History is filled with myth and legend, and even books set in modern times can encompass these. In the Witches of Galdorheim series, it is the oft-neglected Scandinavian lore that is foremost.
We are first introduced to the hidden island of Galdorheim in Spellslinger, a short story in which the magic of a young half warlock, half-vampire named Rune is something to be reckoned with. Or rather, it will be. At eleven, he doesn’t quite have it all worked out and while playing outside his arctic community’s protective dome, he runs into real trouble. In the first actual book, Bad Spelling, Rune’s half-sister Kat (Katrina) discovers that the reason her magic doesn’t work too well is because of a spell a Siberian shaman placed over the area where her mundane (non-magical) father is encased in ice, prompting her and Rune to travel to Siberia to find her mundane family and seek help at the Hall of the Mountain King. Book Two, Midnight Oil, takes them on another journey. During it, Kat finds herself on a strange island and her brother and mundane grandfather get captured by a mutant tribe seeking a special oil held by an evil elemental. By Book Three, Scotch Broom, the kids are a bit older, and Kat is setting off on a graduation trip to the outside world. She chooses to go to Stonehenge via Scotland and is followed by Rune. Both wind up in an Otherworld, where an enfeebled goddess attempts to drain them of their power.
I enjoyed both the humour and pacing of these books, and it was quite refreshing to find trolls portrayed as something other than dimwits, mischief makers, or monsters. Kat and Rune are likeable characters, as are the adults they interact with (except for the nasty ones of course).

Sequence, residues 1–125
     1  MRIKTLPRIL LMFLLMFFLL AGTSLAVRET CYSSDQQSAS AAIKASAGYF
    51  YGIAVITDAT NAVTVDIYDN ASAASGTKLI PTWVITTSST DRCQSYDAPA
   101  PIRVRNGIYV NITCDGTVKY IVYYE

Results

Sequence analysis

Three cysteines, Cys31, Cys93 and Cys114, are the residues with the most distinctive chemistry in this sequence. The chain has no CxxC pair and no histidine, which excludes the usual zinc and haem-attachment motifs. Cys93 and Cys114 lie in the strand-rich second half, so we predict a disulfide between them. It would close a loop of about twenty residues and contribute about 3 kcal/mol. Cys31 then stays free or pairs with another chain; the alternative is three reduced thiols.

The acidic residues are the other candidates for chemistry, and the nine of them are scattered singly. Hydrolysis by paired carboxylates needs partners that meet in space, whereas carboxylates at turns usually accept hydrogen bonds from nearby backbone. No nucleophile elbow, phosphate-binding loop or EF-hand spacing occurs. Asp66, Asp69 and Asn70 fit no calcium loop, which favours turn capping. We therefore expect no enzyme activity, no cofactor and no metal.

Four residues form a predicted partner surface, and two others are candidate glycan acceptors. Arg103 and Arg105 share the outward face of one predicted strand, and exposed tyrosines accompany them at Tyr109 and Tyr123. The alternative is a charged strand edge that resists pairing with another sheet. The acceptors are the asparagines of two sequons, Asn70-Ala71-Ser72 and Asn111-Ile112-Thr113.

I was also pleased that once the restrictions on Kat’s magic were removed, she didn’t instantly become a super witch. Her powers were there, but like anyone who has struggled and been made to feel inferior, she wasn’t quite sure of them. Or of herself. And as the characters aged, there was some nice sister-brother friction and other plausible changes as well.
My favourite story was probably Spellslinger, as I really liked getting into the thoughts and feelings of a small boy as he conjured up an imaginary world, but I would recommend all the Witches of Galdorheim books for tweens and teens interested in magic realms within our modern world.
Their author, Marva Dasef, will be guesting with me on Monday to talk about runes, the symbols in the ancient Scandinavian alphabet that were used for both writing and divination.